We're facing quite a few problems when we talk about games. This may be because they're such a young medium, or that we lack a robust critical structure, but I don't think so. It may just be because video games are actually incredibly complex. The world doesn't have a shortage of good storytellers, so why should stories in games be so bad? Perhaps because writing well for games specifically is a difficult task. When the player becomes a figure in the narrative, how can you account for what they're willing to take in, what they're willing to sit through? How do you balance forging a tight tale and taking away player control, how do you tie the story to mechanics and experience? GTA IV is a prime offender when it comes to failing to make the story feel part of what the player is doing. The narrative winds all over the place without focus and from early on I was left wondering "why am I even doing these things?"
To Make a Digital Omelet from scratch, first you must Create the Digital Universe
If you'll forgive the digression, I was sat in a creative writing lecture two years ago; my university makes you do a third subject in your first year and I figured I may was well do something I'd enjoy. The lecturer was chatting about how wide your studies could be and mentioned video games. He said that he didn't consider them art because "fallen leaves off a tree may be beautiful, but they're random, not art. I think it's the element of the random that makes video games a problem". We shouldn't dismiss the guy on one sentence in a lecture not about games, but I remember thinking at the time that it was missing something. Game designers don't just make the falling leaves, that's just the end result. They make the rules that make them fall and settle that way in the first place, or make them fall at all. When you have to work hard just to get your universe to follow Newton's law, you're fighting a different battle than most. Even a film maker can rely on things falling down.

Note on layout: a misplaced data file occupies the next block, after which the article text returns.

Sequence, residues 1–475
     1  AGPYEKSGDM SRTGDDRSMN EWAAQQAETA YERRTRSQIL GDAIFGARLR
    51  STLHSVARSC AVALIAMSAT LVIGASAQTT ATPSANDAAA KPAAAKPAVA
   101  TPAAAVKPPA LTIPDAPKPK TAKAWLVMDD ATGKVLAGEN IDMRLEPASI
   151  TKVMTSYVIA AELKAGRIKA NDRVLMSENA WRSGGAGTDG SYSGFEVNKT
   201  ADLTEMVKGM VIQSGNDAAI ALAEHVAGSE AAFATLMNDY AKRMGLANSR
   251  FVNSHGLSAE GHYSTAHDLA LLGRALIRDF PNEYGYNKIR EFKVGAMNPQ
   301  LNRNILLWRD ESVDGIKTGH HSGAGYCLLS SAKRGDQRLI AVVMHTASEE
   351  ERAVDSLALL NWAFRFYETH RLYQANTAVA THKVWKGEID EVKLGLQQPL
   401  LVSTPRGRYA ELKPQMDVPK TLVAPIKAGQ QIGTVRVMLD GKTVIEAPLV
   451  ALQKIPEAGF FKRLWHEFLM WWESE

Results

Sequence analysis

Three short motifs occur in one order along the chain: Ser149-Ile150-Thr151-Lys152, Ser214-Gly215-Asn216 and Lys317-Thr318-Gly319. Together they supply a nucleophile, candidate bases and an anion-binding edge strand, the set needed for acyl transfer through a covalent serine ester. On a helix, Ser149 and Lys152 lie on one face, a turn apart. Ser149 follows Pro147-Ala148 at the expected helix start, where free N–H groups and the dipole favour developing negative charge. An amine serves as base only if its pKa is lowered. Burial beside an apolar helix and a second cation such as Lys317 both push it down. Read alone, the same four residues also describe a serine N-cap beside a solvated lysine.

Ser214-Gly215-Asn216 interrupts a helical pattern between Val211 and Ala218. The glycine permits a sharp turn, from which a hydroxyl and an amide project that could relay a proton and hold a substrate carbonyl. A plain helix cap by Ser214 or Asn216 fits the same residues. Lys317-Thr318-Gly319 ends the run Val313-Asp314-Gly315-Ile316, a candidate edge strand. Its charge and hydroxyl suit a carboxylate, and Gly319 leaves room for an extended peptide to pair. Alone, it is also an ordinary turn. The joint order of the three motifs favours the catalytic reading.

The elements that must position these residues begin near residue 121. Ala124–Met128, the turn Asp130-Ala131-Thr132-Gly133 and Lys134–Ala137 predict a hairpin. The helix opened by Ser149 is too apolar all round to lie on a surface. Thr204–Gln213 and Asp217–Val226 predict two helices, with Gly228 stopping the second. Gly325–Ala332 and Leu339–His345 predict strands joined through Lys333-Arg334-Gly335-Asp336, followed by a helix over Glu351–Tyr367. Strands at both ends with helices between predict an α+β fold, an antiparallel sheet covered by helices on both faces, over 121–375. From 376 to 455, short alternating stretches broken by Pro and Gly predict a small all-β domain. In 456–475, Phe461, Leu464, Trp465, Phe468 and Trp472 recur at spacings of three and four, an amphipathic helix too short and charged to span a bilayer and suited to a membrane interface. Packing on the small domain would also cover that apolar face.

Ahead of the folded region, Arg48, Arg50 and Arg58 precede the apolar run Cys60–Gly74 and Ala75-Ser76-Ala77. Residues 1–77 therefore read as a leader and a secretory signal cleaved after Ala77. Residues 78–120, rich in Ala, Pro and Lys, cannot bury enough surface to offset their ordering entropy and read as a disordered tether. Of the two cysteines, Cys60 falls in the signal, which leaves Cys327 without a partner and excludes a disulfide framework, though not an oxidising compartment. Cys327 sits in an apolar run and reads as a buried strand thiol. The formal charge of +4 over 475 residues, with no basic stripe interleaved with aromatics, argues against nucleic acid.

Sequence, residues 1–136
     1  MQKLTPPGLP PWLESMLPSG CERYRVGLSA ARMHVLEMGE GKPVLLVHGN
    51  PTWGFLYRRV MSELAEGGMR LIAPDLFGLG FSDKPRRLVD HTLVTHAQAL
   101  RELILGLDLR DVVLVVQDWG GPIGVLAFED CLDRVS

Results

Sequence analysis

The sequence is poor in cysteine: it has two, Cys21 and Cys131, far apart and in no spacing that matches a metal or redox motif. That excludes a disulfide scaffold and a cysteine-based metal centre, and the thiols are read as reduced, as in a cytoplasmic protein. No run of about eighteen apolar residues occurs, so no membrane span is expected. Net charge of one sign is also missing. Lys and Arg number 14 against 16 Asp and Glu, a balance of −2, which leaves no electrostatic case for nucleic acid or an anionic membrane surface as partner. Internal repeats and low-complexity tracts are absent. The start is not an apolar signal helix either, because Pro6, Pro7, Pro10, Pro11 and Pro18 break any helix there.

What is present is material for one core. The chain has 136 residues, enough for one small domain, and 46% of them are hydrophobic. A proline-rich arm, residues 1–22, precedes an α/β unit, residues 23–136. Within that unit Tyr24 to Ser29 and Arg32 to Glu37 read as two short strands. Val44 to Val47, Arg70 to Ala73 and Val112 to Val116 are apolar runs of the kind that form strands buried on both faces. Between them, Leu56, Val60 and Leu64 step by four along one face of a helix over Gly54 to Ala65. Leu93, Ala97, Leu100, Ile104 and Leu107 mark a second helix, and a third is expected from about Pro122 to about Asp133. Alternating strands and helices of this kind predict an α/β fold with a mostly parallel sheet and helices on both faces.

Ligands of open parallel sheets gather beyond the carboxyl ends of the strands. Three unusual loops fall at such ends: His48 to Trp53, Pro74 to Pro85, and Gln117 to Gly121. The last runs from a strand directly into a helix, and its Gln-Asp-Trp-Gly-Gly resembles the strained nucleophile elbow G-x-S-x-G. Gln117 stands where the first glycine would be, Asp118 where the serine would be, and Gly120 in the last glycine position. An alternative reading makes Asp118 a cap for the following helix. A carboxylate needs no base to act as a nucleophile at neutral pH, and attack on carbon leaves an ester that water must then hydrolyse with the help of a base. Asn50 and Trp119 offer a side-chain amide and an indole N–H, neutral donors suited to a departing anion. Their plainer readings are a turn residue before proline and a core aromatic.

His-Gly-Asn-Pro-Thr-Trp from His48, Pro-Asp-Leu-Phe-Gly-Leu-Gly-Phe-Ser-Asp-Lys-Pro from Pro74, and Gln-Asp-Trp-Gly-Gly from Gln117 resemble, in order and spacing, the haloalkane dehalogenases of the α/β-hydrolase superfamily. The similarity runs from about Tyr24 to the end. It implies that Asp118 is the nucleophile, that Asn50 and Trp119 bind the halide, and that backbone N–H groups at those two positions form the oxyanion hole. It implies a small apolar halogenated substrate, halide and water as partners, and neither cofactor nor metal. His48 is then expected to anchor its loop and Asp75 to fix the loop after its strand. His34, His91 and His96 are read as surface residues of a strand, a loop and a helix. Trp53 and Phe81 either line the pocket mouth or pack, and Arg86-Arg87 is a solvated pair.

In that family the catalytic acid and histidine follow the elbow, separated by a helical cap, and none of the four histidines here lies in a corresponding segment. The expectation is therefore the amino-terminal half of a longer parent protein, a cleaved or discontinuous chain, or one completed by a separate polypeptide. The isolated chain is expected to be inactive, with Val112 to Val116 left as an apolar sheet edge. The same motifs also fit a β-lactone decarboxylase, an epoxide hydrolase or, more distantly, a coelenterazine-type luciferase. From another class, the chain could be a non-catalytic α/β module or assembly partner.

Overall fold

What I'm getting at here isn't the difficulty of modeling physics but that part of creating a video game is creating a gamespace. This might be what makes them different from traditional games like Chess. Can you imagine if every time you moved a text box popped up telling a little story about the pawn bravely defying all the odds and taking down a Knight. Board games tend to frame a gamespace and let the rules do the rest. Video games usually go a bit further. This is one of those difficulties I was referring to earlier, caused by our problematic points of comparison. Evidently every word in a book(barring the non narrative bits) are the story, its constituent cells. Every frame of film is an organic part of the whole.